The entire system has been designed to avoid power losses on the path from the generator to the coils; the plant layout also took in consideration the reduced distance among the generator, the power transmission systems and the mould.
As regards cooling, ionic liquids were tested, but their use was abandoned since they turned out to be too corrosive. The choice fell on water, adequately treated, thus obtaining considerable improvements compared to the current state of the art. The cooling system is integrated: coils feature a hollow cylindrical cross section, convey electricity to the copper walls and let liquids flow inside the internal cavity. The coolant is conveyed from outside as well, through special rotating joints equipped with water-tight seals.[box title=”The rotomoulding process” color=”#f8911b”]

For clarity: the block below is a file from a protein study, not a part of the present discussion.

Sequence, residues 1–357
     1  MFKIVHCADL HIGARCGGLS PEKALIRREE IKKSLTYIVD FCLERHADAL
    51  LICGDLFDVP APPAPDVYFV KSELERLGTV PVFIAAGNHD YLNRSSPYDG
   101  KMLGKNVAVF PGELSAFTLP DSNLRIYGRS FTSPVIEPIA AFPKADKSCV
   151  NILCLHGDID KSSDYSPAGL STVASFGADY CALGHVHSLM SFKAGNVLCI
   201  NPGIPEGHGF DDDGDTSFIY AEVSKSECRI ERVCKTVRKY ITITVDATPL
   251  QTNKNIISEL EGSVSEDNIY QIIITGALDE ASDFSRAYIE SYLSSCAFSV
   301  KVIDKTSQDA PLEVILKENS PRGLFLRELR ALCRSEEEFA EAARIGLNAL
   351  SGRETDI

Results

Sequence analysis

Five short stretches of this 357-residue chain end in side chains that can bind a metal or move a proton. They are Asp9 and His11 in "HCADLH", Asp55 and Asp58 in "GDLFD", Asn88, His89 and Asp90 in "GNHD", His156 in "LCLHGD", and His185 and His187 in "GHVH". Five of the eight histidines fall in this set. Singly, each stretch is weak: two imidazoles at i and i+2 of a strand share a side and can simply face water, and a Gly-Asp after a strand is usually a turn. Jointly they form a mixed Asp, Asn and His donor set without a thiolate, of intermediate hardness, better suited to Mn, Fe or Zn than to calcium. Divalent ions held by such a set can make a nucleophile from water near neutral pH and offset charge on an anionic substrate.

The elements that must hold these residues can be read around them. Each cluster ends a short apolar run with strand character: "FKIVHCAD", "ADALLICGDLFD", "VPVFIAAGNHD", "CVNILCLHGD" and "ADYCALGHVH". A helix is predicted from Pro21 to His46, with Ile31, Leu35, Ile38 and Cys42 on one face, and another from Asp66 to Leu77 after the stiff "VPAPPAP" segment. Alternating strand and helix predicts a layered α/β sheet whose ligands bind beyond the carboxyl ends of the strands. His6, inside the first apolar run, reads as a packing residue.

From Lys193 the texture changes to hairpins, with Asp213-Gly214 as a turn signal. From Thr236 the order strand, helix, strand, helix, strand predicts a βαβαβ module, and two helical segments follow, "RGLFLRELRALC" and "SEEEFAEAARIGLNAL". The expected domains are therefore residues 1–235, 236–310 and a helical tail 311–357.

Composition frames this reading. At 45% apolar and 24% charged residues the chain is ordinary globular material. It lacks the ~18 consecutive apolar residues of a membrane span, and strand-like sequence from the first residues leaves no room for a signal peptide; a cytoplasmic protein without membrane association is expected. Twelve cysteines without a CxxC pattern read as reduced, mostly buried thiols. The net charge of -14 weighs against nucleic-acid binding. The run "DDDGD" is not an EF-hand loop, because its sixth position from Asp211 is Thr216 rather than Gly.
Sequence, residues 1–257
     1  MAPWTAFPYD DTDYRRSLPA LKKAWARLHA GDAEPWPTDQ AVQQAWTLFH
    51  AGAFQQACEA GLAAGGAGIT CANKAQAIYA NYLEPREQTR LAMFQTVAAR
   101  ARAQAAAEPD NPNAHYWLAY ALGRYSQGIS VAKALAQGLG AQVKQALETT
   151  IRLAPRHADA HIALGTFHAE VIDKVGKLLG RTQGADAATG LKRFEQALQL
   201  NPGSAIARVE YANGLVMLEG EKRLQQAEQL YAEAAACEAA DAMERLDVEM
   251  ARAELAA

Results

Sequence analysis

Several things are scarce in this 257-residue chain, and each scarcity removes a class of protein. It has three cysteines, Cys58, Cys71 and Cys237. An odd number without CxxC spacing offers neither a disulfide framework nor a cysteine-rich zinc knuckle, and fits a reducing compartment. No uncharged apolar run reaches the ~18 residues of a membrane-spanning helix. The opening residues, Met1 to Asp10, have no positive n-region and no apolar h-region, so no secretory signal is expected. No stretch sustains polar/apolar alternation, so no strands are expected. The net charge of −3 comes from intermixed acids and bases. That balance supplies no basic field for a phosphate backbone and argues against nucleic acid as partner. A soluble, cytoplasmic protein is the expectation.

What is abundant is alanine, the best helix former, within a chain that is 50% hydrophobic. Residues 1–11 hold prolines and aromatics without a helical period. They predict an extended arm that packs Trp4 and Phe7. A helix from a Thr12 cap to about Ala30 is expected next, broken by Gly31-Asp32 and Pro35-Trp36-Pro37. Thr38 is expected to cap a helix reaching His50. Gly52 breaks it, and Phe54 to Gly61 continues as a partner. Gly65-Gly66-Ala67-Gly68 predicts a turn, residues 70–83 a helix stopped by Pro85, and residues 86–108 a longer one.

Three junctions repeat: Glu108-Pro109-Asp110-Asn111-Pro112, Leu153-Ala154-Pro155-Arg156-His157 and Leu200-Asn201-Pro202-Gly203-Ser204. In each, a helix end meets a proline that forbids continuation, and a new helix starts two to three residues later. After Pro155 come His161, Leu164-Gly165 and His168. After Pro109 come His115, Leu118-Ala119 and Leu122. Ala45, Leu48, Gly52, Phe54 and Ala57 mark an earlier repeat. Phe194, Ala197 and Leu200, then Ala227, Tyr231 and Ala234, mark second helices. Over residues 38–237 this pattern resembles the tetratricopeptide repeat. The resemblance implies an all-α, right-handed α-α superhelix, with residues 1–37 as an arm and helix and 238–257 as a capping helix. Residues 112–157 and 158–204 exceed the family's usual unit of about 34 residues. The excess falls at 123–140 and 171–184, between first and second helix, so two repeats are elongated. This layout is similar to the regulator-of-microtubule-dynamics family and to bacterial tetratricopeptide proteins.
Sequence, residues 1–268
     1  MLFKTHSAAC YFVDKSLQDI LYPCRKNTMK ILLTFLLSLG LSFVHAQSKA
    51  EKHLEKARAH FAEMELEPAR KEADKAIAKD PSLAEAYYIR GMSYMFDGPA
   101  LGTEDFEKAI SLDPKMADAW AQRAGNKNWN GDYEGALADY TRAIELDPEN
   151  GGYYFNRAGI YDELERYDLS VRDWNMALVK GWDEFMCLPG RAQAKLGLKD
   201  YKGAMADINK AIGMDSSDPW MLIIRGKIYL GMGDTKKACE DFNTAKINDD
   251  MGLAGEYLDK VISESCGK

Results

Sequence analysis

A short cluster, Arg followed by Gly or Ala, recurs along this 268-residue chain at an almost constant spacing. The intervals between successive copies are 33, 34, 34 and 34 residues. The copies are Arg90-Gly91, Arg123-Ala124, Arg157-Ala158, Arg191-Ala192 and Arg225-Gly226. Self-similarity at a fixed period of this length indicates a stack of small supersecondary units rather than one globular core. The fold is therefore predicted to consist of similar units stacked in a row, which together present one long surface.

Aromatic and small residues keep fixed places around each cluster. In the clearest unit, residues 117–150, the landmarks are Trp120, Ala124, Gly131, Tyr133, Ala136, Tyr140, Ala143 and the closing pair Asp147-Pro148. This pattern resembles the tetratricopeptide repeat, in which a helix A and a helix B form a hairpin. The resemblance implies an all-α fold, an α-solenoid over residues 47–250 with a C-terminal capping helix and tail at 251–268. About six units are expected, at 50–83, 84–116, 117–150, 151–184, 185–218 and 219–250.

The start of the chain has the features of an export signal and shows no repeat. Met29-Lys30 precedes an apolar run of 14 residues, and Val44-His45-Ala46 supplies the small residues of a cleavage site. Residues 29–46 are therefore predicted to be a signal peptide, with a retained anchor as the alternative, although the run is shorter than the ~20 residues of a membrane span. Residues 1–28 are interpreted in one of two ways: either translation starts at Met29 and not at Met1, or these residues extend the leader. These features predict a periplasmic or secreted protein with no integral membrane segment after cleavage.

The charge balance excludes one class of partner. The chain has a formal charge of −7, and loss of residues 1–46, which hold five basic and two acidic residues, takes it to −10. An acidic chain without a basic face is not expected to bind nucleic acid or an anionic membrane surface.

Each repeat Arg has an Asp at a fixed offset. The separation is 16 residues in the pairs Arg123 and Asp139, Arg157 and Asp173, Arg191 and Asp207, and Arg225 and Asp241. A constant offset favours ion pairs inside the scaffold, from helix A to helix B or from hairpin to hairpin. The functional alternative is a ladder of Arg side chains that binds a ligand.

The rotational moulding, or rotomoulding, process can be subdivided into four single steps: the powder in the required amount and colour is fed into the mould; the mould is heated by rotating it according to the planned primary and secondary rotations; the mould is cooled down by using forced air or atomised water, always following the pre-set primary and secondary rotations; and, finally, the mould is opened and the moulded part is removed. Then, the cycle starts again. During the heating phase, a special oven heats the mould walls, thus making the plastic powder inside the shell reach, by thermal contact, its melting temperature. The mould, rotating around the X and Y axes, laminates the polymer evenly, which “slides” on the internal walls of the mould cavity. During the cool down phase, air and water are injected through a dedicated valve and slot on the plastic moulded part, which still is inside the metallic mould halves. This, by contact, lowers the temperature of this “plastic tank”. The variables involved in determining the total cycle time are: the heating temperature, the cooling temperature, the two rotation speeds, and the mould heat exchange coefficient, as well as, of course, the material’s melting temperature.[/box]
From predictive simulation to the end product